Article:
Planning Minister Richard Wynne has said the Andrews Government would be reviewing the court decision and would consider changes to the law.

“Let’s make no mistake here, what these cowboy developers did is unforgivable and the community is outraged by it. If the current legislation does not meet community expectations we will strengthen it.”

Amen to that. Don’t leave it too long!

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Balance Architecture recognises the importance of the preservation of Historical Architecture. We specialise in the renovation and restoration of Heritage Buildings.

Corkman cowboys get a leave pass! Heritage dishonoured again.

In what appears to be a significant backdown by the Victorian Planning Minister Mr Richard Wynne, his Department and the City of Melbourne, an extraordinary deal has been struck with the Corkman pub’s developers, Mr Ramen Shaqiri and Mr Stefce Kutlesouvski.

The partners will no longer be forced to rebuild the entire hotel to its original condition using the original materials.

Instead they must commence their planned development with a height allowance of 12 storeys prior to 2022.

They must also clear the current site of rubble and detritus by the 30th of November 2019 and create an ‘informal outdoor recreation area’ as an interim solution prior to the commencement of construction – serious?

The proviso is that this ’12 storey development’ must be set back from the street on the parts of the site where the original pub stood. Keep in mind this is a 460sq m site!

Corkman cowboys cut deal with minister and city council on pub site

The developers who unlawfully demolished Carlton’s Corkman Irish Pub in 2016 have reached a deal with the Andrews government to clear the site and temporarily turn it into a park by the end of November.

But the pair stand to profit from knocking down the 158-year-old pub without permission, because under the settlement reached with Planning Minister Richard Wynne and Melbourne City Council, they now have three years to re-develop the site – with a tower up to 12 levels high.

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The Corkman’s remains on Wednesday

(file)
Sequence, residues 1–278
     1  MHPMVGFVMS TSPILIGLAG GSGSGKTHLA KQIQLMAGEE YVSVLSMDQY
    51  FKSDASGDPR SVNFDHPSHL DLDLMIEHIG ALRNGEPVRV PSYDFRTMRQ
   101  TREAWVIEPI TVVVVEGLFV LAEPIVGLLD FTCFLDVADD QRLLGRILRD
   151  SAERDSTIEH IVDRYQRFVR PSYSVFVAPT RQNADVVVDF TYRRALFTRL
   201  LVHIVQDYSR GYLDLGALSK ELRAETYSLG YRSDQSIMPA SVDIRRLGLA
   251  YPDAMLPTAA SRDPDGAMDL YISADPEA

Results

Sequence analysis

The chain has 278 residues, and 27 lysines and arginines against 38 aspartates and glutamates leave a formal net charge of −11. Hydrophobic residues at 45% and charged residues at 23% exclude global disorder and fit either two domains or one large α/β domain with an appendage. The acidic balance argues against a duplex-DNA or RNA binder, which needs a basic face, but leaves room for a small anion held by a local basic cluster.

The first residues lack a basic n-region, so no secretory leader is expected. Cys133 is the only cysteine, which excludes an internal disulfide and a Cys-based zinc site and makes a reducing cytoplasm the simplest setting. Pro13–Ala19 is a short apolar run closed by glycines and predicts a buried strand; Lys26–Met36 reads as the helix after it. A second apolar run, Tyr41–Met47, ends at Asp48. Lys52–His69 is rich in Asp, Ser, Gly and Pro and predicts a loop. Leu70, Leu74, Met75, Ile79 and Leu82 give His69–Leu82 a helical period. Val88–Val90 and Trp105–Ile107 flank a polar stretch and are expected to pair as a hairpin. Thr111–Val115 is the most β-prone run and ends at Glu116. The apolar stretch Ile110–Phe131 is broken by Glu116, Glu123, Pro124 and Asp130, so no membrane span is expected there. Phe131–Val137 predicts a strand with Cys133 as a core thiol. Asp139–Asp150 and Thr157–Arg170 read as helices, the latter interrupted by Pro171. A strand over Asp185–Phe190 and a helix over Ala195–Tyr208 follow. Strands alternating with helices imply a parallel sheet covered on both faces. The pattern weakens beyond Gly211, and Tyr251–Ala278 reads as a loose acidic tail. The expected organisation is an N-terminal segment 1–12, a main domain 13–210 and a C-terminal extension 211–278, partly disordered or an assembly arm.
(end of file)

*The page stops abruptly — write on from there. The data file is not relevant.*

Some of the wrecked pub’s remains have sat untouched for almost three years, piled roughly beneath tarpaulins installed under duress by the developers soon after they demolished it without warning on an October weekend.

A hearing before the state planning tribunal was due to start on June 3, with Mr Wynne seeking an order to rebuild the two-level pub, which had stood on the corner of Leicester and Pelham streets in Carlton since 1858.

Before the hearing began though, Mr Wynne and the city council reached an agreement with the developers who knocked it down, Raman Shaqiri and Stefce Kutlesovski.

The agreement means that Shaqiri and Kutlesovski have agreed to clear the site and, by 30 November, build an “informal outdoor recreation” area on it.

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Raman Shaqiri at court in 2018

The pair then have until 2022 to redevelop the site in a form approved by the planning minister.

The planning rules Mr Wynne has set for the site – after he was forced to back down from earlier more aggressive rules on the 460-square-metre piece of land – allow a tower of up to 12 levels to now be built. Under those rules, any new building must be set back from the street on the parts of the site where the now-demolished historic pub once stood.

But the rules would allow a highly profitable development to still be built on the site. Mr Wynne was forced to back down on his earlier, much tougher rules for the site because the planning system cannot be used to punish rogue developers and owners.

If the pair do not begin re-developing the site by mid-2022, they will be forced to rebuild the external parts of a two-level pub “as nearly as practicable to the condition they were immediately before their unlawful demolition”.

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The Corkman Irish pub in Carlton, built in 1858, as it was until its illegal demolition in 2016

Shaqiri and Kutlesovski, who bought the pub for $4.8 million in 2015, pleaded guilty in the Melbourne Magistrates Court this year to knocking it down illegally.

They have been fined $1.3 million by the courts, along with an earlier $600,000 penalty via an Environment Protection Authority prosecution for failing to deal with asbestos from their illegal demolition. They are appealing the severity of the latter fine.